So the command I've been using in Vim for a while is:

map <F10> :w<CR> :!clear; make %<<CR> :!./%<<CR>

Which takes the current name of the file, compiles and then runs it. However this pollutes my directory and when I want to upload them to github it makes it so that I have to delete all the files without extensions before I upload.

What I want to do is compile them all to a bin directory, so I tried to modify my command to the following:

map <F10> :w<CR> :!clear; make -C bin %<<CR> :!./bin/%<<CR>

I saw that the -C command changes the directory but this doesn't work as I get the error:

*** no rule to make target '17'. Stop. 

What can I do to make this command work correctly?

map <F10> :w<CR> :!clear; make -C bin %<<CR> :!./bin/%<<CR>
  • 2
    Why not just put the things-that-are-not-for-github into a .gitignore file? – thrig Oct 28 '17 at 17:08

You're confusing Vim's command :make with the OS executable make(1). When you type make at Vim's command line you're running Vim's :make command. One of the effects of this is to run the OS command defined by Vim's option makeprg.

Now, makeprg happens to have the value make by default, so the OS command make(1) also gets run. But Vim's command :make doesn't take options, so passing -C bin on Vim's command line doesn't translate to make -C bin being run. If you want to change the OS command that gets run you need to do something like this:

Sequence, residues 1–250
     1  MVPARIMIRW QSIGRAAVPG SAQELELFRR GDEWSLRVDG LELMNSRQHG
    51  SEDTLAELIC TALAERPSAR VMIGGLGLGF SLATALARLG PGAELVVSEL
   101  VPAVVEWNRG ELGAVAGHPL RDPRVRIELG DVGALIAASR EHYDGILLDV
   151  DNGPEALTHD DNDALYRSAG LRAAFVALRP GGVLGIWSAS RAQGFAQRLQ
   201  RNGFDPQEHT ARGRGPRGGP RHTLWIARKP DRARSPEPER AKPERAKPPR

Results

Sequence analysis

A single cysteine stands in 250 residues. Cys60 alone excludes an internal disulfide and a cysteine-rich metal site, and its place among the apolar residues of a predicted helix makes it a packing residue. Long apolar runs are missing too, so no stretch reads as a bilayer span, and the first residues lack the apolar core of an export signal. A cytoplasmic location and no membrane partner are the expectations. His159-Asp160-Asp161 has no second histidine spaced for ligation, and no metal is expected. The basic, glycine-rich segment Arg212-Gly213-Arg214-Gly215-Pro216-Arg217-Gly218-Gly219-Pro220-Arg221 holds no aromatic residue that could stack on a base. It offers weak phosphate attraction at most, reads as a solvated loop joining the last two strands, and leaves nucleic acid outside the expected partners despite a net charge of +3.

let &makeprg = 'make -C /path/to/bin'

Then running :make in Vim will run the OS command make -C /path/to/bin.

However, as pointed out in comments, the better way to deal with this is to avoid the problem in the first place, and add all irrelevant files to .gitignore. Otherwise sooner or later you'll still commit object files and what not to your Git repository.

  • Thanks, the reason I don't want to use a git ignore is that I'm going through a book and doing lots of exercises, so I'd have to do something like: stackoverflow.com/questions/19023550/… which seems messy to me. Seems more sensible to compile all files to a specfic directory and then ignore that. – James Liu Oct 28 '17 at 18:33
  • Which is why writing a useful .gitignore is not completely trivial, either. – Satō Katsura Oct 28 '17 at 18:35

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